I kissed the fragile twig, watering it with the extract that resides in the corners of the psyche and lubricates any motion forward when released through the eyes. Still spellbound, I sank back into the most aboriginal notion of existence – the beginning of the invention of the self – and, in this void, a message delineated, like a bubble surfacing on a successfully brewed potion. Nothing fancy, just two simple words: “I am.” No further description, analysis, or clarification: all the intellect of the perpetually spiraling tale of our humanity enclosed in a phrase that, though humble and modest, has the power to be complete and unlimited. Ultimately, I may be nothing more than a verse written for the untidy evenings of eternity; yet, I am also a change-maker who breeds a world courageous enough to wear its clothes inside out, daring to re-invent itself from its ashes. And I understood that, at the closing titles of another chaotic chapter in history, when everything seems, once again, about to collapse, the only reliable constant and the only accessible divinity lies in the creative power within.
I patted the earth softly and said goodbye to my young cedar, hoping the separation would only be temporary. I could almost hear the thread-like roots stretching, reaching out to the juices of the past, sucking the essence of the underground stories that, to the non-initiated, might seem forgotten. The tree was already growing, imperceptibly but steadily, and, along, so was I. Perhaps in 5000 years, the kiss I bestowed on this branch will still be floating around the mountain slopes – an anonymous legacy that may turn into my most precious gift to the future.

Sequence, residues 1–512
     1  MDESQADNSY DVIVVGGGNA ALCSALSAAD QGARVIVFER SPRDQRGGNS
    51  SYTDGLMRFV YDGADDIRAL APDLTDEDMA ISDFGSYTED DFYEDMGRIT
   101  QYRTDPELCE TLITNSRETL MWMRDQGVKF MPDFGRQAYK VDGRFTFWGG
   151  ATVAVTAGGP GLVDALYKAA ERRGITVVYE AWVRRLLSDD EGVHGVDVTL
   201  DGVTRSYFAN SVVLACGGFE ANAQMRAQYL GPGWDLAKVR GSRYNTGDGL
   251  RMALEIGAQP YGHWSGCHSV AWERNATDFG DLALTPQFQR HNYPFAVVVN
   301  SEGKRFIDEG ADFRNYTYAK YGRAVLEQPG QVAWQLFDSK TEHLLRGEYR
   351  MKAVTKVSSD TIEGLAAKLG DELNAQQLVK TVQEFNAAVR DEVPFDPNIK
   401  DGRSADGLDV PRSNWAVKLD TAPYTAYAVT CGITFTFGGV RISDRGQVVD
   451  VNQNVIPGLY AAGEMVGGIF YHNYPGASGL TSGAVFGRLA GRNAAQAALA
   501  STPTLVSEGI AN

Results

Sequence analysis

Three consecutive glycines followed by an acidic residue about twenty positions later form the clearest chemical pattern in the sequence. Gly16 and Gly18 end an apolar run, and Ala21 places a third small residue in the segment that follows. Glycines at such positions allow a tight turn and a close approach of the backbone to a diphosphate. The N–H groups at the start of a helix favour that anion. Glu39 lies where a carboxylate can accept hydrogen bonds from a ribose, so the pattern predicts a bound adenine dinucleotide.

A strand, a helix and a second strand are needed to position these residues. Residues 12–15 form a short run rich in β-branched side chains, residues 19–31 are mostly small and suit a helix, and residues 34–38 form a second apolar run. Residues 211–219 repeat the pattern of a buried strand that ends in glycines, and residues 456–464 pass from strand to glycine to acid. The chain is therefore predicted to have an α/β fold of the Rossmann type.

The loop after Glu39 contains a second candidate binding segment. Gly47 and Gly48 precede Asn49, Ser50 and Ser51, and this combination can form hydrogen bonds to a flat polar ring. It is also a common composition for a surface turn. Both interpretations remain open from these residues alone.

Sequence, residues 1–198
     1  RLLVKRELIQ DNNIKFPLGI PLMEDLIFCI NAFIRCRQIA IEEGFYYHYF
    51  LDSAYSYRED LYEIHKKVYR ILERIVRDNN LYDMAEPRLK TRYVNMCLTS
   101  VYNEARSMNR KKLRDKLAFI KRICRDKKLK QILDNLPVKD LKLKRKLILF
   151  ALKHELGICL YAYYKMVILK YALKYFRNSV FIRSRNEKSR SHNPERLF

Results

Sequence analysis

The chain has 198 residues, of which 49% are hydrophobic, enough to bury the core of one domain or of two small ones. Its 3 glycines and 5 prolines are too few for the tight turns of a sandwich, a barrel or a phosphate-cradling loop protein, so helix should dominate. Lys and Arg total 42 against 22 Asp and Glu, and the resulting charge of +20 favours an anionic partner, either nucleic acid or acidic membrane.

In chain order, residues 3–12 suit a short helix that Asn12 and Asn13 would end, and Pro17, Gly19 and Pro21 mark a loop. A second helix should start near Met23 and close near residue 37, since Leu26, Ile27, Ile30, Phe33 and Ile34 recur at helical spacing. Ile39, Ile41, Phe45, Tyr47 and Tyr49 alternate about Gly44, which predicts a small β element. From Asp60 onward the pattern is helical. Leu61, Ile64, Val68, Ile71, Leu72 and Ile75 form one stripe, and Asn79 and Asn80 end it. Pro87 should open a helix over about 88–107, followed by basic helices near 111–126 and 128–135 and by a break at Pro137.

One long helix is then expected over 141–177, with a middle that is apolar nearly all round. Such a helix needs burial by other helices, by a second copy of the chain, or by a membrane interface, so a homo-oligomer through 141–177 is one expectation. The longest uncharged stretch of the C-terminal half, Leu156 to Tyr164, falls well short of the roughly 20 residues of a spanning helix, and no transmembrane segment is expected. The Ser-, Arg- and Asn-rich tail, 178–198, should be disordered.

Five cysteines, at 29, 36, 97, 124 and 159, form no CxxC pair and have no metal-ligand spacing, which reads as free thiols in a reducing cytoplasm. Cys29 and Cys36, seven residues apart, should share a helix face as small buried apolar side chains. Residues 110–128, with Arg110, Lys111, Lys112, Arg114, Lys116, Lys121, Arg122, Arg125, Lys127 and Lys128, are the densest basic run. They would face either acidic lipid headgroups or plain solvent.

Fingertips still tickling, I wobbled back to the path, dizzy, almost intoxicated. My heart was beating in synchronicity with the arboreal vibration, and I could feel my thoughts probing on the frontiers of myself, caving for meanings and interpretations. But I could find nothing more, for these two small words – I am – that kept humming like wine aging in the sanctum of the barrel, incorporated the esoteric process of “being” and “becoming,” and, in their frugality, they were enough.
The moment broke into zillions of glass pieces: reflections of myself everywhere. I was part of all, and all was part of me. Boundaries got blurry, the gravitational center of my perceived existence vanished into obscurity, and the emerging anarchy exulted on the mourning ground, carrying the long-anticipated change while mocking my human fear. But, by then, I knew that at the subterranean currents where the cedars quench their thirst, there is always hope, wisdom, and the comfort of eternity. So, I timidly rooted myself in the simplicity of the “I am” acknowledgment and, with the pride of my young cedar sprout, I dared to stare ahead in confidence and faith.
Photos: © Konstantina Sakellariou
This post is part of a project temporarily called “Self-Portraits,” comprising of monthly dialogues with the inner and outer landscape in an attempt to document change over time. Complement this with the previous posts:
The Fragility of New Beginnings (November 2016)
A Libation to the Muse (December 2016)
There is Always Hope in the Beauty of Human Creations (January 2017)
Ode to Silence (February 2017)
Falling in Love Once Again (March 2017)
Pilgrimage (April 2017)